After a three-week siege, the combined forces of Hezbollah and the Assad regime have taken the important crossroads town of Qusayr, which is just south of the even more important city of Homs in east-central Syria. “Whoever controls Qusayr controls the center of the country, and whoever controls the center of the country controls all of Syria,” crowed Syrian brigadier general Yalya Suleiman.

While that boast is as much propaganda as military fact, the capture of Qusayr is a happy moment for Bashar al-Assad—who has had few of them in recent years—and for Iran and its proxy Hezbollah, whose heavy investments in propping up the Syrian dictator appear to be paying off. Indeed, the Iranians “felicitated” Assad on the gain. As well they might, since the Syrian regime is becoming ever more dependent on Tehran; Assad’s army on its own had been unable to retake Qusayr.

This ought to be a further signal that, despite the predictions of some of the closest students of Arab politics, there is nothing inevitable about the fall of the House of Assad. Indeed, it may well be that the morale effects

of retaking Qusayr prove more important than any tactical gain—although the deployment of large-scale and well-trained Hezbollah forces is also making a difference elsewhere in Syria. If they retake Aleppo, the effect on the Syrian opposition could be crushing. And strategically speaking, the momentum is with Iran. As former Obama State Department adviser Vali Nasr writes:

[E]vents in Syria are spinning in Iran’s favor. Assad’s regime is winning ground, the war has made Iran more comfortable in its nuclear pursuits, and Iran’s gains have embarrassed U.S. allies that support the Syrian uprising. What’s more, Iran has strengthened its relationship withRussia, which may prove to be the most important strategic consequence of the Syrian conflict, should the U.S. continue to sit it out.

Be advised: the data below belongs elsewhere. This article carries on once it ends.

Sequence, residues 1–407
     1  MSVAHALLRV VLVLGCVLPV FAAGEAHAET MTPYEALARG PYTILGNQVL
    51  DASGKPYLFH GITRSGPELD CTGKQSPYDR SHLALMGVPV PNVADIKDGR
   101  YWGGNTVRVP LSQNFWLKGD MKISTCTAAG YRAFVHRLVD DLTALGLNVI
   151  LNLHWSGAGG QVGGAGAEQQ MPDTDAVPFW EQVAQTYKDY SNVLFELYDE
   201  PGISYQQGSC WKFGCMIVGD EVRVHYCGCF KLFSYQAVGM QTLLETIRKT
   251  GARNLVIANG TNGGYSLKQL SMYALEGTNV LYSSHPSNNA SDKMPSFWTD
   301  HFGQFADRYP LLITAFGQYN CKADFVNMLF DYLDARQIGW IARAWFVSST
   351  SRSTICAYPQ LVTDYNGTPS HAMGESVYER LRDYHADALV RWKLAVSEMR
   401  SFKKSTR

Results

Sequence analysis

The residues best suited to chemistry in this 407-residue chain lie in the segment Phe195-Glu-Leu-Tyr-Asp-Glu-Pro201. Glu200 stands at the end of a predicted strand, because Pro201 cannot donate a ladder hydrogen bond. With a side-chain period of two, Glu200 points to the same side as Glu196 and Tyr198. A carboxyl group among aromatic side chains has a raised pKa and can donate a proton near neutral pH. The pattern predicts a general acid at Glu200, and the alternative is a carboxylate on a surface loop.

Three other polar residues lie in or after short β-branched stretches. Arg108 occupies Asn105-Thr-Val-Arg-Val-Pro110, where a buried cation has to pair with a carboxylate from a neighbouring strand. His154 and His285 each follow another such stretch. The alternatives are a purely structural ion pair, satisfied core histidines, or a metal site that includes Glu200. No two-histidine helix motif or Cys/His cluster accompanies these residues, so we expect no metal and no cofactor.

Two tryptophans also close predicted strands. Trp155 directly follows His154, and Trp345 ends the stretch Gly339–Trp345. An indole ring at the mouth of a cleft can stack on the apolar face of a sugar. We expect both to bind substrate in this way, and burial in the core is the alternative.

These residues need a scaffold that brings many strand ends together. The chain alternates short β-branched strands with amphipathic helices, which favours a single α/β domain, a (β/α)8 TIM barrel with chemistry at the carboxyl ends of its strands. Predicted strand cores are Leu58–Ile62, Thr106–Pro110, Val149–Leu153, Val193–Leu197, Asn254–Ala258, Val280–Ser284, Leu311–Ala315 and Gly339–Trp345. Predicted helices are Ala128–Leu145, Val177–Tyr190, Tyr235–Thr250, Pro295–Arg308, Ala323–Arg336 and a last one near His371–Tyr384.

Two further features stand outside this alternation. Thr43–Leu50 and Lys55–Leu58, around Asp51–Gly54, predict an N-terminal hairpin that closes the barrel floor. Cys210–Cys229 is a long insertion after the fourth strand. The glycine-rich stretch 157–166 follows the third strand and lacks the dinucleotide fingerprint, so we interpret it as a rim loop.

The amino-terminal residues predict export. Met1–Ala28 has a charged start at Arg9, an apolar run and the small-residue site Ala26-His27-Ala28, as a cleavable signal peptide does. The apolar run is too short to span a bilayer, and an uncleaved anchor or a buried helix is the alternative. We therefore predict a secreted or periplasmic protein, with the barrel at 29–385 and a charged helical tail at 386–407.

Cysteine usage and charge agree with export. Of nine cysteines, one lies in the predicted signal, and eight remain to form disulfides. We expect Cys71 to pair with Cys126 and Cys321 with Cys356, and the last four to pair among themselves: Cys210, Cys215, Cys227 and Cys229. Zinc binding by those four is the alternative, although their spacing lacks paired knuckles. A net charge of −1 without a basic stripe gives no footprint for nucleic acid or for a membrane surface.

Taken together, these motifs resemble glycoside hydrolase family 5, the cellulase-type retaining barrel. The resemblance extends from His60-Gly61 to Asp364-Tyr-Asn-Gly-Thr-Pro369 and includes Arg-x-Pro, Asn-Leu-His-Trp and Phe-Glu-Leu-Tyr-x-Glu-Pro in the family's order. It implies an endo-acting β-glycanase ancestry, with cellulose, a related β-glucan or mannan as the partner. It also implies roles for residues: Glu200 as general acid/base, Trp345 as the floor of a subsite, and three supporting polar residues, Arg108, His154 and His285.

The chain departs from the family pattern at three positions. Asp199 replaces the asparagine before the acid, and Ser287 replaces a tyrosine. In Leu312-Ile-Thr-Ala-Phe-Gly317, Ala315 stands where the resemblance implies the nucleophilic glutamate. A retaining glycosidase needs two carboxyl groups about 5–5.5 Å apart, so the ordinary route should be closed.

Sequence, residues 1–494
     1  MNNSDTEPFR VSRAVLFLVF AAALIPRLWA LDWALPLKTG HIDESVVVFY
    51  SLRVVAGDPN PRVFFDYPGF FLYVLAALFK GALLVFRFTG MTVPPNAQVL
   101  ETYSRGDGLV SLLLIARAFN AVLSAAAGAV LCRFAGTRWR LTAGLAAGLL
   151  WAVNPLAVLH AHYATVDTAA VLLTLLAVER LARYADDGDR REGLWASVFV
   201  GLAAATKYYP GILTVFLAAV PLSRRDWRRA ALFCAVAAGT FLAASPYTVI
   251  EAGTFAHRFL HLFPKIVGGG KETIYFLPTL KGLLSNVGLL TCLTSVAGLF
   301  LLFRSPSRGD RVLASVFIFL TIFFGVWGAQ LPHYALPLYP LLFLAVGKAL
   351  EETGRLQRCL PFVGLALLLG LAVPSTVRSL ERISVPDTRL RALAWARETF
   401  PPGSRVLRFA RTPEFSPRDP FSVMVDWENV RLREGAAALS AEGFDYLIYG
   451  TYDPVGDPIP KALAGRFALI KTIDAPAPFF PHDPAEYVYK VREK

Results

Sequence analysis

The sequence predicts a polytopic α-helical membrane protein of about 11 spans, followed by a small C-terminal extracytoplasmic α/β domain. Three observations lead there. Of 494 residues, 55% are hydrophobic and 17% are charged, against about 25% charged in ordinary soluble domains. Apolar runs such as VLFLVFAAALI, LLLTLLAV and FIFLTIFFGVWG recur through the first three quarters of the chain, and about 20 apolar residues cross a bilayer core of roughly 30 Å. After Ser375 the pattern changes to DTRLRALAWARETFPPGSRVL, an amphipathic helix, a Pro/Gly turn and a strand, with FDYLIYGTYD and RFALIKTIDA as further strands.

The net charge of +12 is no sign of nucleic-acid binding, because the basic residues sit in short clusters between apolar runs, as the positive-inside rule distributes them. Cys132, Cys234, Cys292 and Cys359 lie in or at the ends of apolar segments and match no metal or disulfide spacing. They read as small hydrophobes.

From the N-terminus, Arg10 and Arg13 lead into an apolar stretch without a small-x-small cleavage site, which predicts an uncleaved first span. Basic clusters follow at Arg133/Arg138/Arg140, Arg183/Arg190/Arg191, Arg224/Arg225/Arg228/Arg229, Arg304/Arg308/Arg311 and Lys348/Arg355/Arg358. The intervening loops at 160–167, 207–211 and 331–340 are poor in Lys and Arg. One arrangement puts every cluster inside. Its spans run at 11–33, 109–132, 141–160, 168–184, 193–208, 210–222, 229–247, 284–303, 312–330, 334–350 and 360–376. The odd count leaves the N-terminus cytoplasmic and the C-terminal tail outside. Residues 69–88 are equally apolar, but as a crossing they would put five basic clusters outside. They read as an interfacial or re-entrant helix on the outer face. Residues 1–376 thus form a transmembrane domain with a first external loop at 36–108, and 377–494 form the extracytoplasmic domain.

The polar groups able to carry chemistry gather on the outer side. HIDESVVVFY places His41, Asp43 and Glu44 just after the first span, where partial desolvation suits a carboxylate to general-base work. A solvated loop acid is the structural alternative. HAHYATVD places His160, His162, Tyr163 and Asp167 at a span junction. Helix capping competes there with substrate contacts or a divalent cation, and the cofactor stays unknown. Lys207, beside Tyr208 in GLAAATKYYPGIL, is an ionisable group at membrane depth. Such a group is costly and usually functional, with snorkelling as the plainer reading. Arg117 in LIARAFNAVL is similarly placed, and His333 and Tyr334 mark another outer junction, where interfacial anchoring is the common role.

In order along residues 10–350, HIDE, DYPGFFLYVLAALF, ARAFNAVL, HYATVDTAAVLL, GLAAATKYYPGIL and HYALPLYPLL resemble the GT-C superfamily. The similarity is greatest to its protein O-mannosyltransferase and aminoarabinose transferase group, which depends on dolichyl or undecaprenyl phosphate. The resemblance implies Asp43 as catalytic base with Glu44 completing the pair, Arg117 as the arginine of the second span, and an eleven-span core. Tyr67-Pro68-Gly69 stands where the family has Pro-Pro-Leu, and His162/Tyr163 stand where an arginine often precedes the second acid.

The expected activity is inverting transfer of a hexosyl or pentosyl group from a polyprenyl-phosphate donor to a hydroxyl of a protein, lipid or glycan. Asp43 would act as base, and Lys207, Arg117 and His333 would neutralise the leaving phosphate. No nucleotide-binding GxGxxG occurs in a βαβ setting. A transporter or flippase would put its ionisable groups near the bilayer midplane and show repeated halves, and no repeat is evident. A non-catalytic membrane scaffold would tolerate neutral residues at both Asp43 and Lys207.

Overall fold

It would be rash to draw too many conclusions from a fight over a town of just 30,000 residents, but the specter that looms is nothing less than the near-complete collapse of the U.S. position in the Middle East. In dry-eyed retrospect, even the biggest Bush-bashers ought to acknowledge that, compared with where we are now, 2008—as the surge forced a halt to the civil war in Iraq and the foundations were laid for a similar effort in Afghanistan—represented a high-water mark of American power and influence in the region. Then, both allies and adversaries seemed to reckon that the U.S. commitment to reconstructing the region’s politics was a deep one.

But the “tide of war” turned with President Obama’s decision to put a time-clock on the Afghan surge. From that moment, the region increasingly has discounted the durability of the American commitment. The continuing retreat is both exposing and aggravating a multi-sided struggle for power across the western Muslim world. Across North Africa and southward through the Sahara, a congeries of al Qaeda affiliates are encroaching on weak regimes, not least in Libya, where the U.S. intervened to topple Qaddafi and then abdicated. Across South Asia, a pack of predators looks to see what will come in Afghanistan in 2014. And, perhaps most ominously, the Syria war is now a regional conflict pitting an Iranian-Shia bloc against a looser Saudi-led Sunni bloc that includes other Gulf states and various al Qaeda associates.Indeed, if Qusayr is any kind of leading indicator, it signals that the war is likely to continue, and to continue to expand; it’s already spilled over into Lebanon, western Iraq, and northern Jordan.

It used to be the role of the United States to keep the worst from happening in the Middle East. That was not only a global public good but a critical component in reassuring allies elsewhere—not least in East Asia—whose economies rely upon the region’s energy supplies. To let the Middle East burn is to play with a very dangerous fire.After all, fires don’t usually burn themselves out if you refuse to fight them. Sometimes they spread and rage out of control.

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